Wouldn’t it be cool if instead of having to wait a week for the next episode of your favorite series the networks just dumped the entire season into your DVR and you could watch it at your leisure? Welcome to last Friday. Netflix kicked off this bold new experiment in TV entertainment with the series House of Cards, and starring Kevin Spacey with David Fincher directing it was looking more like legit prime-time than any kind of experimental on-demand series.
House of Cards stars a resuscitated Spacey as an activist politician out to carve his name into the foreheads of his enemies. It’s engrossing, smartly acted, and you can watch the whole thing beginning to end if you want due to Netflix’s series packaging. I think we can safely drop the ‘experiment’ moniker though, because this scheme of launching a new series by dumping all 13 episodes into the Netflix bucket at once is being applied to a fleet of new programming, which includes some familiar names.
“In my mind, this is pretty game -changing,” says Carlos Cordero, director of service provider practices for Cisco Systems, a California-based networking technology company. “I think broadcast and cable TV should be very nervous.”
Doubtful they will be ‘nervous’, when a great idea shakes up your industry the ‘nervous’ are usually the ones that end up going extinct. It might be more appropriate to say that they she should be ‘imitating.’ Reaction to Netflix’s highly successful lift off of this format has even helped the company on Wall Street. When they announced their plans to begin developing their own content their stock picked up a 42 percent boost.
Since the format isn’t even remotely ‘ratings’ based, it might take some time to quantify how much of a success House of Cards actually was, but whether it was reeling in viewers by the billions or continually attracts new viewers by the thousands Netflix doesn’t have to worry, this is a volume game for them and their upcoming releases will give them myriad chances to either forge their first hit or accumulate a viewing base that makes it all worthwhile.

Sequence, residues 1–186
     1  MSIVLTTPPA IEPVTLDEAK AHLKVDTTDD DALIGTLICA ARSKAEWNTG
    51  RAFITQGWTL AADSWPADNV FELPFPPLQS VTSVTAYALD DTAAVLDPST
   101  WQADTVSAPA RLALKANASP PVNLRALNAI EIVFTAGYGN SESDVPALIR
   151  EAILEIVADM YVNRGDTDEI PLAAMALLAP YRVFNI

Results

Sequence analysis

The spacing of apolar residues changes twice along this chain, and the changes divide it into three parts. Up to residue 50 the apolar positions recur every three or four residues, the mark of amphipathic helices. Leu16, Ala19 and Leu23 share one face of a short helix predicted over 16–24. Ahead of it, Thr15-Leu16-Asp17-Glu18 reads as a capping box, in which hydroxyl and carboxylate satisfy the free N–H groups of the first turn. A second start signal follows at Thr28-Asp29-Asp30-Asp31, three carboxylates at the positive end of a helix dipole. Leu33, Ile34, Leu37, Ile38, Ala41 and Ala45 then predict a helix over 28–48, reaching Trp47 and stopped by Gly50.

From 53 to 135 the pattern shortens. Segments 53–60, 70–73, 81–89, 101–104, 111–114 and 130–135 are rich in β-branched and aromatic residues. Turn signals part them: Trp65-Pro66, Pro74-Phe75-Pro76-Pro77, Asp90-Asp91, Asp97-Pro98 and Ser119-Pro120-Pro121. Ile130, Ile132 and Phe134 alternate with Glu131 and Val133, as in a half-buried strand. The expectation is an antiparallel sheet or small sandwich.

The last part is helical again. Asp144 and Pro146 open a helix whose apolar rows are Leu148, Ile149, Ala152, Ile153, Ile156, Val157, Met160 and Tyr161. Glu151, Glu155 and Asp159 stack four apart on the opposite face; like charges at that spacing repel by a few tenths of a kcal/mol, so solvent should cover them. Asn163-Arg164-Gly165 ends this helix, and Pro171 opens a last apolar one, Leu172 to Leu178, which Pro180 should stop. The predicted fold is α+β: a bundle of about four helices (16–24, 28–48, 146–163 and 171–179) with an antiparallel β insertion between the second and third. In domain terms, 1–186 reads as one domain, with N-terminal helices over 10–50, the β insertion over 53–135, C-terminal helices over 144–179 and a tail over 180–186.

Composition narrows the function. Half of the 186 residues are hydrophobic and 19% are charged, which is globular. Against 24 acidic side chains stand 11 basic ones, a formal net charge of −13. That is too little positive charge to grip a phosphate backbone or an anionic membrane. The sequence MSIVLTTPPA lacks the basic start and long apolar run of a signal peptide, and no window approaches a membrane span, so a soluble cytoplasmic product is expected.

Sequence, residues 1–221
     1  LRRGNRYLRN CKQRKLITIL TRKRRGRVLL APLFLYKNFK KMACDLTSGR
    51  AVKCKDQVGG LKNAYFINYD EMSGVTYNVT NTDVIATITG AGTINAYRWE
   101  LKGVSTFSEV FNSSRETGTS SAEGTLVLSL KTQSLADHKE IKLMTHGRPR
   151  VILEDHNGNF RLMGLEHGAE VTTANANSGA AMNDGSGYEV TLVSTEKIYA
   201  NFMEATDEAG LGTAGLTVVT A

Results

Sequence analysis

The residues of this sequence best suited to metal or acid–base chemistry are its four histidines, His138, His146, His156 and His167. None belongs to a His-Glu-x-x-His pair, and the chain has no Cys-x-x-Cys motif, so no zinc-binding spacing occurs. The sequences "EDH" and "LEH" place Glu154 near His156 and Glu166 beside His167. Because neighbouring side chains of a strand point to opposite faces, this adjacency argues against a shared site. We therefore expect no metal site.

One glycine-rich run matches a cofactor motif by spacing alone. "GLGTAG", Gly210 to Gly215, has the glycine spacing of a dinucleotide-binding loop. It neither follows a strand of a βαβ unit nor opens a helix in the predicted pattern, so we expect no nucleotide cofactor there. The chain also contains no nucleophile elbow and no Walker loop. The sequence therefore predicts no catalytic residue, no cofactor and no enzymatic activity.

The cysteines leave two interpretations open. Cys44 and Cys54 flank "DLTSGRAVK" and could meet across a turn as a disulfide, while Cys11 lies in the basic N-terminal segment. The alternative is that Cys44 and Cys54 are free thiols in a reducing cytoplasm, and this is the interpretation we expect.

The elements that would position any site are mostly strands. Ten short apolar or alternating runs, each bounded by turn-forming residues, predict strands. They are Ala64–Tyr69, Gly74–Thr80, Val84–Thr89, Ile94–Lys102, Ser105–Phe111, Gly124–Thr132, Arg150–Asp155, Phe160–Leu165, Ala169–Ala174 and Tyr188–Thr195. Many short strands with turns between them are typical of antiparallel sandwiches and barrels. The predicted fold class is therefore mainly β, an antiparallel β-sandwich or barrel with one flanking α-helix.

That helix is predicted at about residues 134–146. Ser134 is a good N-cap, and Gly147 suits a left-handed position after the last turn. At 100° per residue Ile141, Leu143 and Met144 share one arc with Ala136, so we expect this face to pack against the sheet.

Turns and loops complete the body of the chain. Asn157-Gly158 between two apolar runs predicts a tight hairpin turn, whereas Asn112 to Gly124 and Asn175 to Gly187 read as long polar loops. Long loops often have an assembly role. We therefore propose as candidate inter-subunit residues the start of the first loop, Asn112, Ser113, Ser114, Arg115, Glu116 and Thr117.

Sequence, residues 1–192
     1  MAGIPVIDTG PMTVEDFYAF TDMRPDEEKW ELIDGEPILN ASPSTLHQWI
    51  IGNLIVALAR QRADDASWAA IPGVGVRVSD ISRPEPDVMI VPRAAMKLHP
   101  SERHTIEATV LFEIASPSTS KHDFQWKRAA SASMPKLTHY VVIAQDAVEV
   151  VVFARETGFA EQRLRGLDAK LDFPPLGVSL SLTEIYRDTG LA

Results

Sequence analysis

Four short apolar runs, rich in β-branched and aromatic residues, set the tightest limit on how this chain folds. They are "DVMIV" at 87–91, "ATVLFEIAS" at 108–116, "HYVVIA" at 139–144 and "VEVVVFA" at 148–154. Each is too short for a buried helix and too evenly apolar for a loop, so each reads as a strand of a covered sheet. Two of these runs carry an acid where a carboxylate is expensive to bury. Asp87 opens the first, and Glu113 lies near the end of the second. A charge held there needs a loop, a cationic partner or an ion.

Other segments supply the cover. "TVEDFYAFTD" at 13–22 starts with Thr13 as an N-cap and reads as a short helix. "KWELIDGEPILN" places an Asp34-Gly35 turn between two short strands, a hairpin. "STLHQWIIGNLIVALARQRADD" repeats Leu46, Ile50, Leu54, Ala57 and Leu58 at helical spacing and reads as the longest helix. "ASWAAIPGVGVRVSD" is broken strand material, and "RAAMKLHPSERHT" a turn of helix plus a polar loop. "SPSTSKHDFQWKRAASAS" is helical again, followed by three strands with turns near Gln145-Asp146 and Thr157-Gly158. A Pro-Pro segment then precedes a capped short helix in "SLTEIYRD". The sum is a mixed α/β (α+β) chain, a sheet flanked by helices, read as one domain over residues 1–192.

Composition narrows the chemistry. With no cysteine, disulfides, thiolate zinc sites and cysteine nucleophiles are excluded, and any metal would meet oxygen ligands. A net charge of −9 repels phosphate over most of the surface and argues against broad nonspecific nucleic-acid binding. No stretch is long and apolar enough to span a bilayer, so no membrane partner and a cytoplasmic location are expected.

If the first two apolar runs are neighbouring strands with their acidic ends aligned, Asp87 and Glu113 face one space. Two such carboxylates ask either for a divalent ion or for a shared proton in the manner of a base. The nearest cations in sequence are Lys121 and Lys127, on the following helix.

Recently Netflix has made a bid to bring a third season of The Killing to their format, after the series was cancelled by AMC. Whether they secure The Killing or not they have already secured a highly unexpected season of Arrested Development, which will drop in May.
Among the original titles on the horizon there is Hemlock Grove from Horror Maestro Eli Roth, which will be released in its entirety on April 19th. Weeds creator Jenji Kohan is currently working on Orange is the New Black, set in a woman’s prison and starring Taylor Schilling, Jason Biggs and Laura Prepon. Ricky Gervais and his frequent castmate Karl Pilkington are preparing “Derek”, about a “good-hearted attendant at an old-folks home.”
It seems that Netflix is even redefining the creative end of the industry. While working with smaller ‘seasons’ of 13 episodes, the company has earmarked enough cash in projects like House of Cards to allow them the opportunity to earn an audience. House, for instance, was approved for two seasons up front, a move you’d likely never see in the mainstream.
If Netflix is able to continue to attract talent at the level of Spacey and Fincher by being patient patrons of the arts, while working with a presentation model that sidesteps the number one factor vexing viewers, waiting, they may shake things up in the short term for sure. However, maybe waiting is part of the TV experience. Time will tell.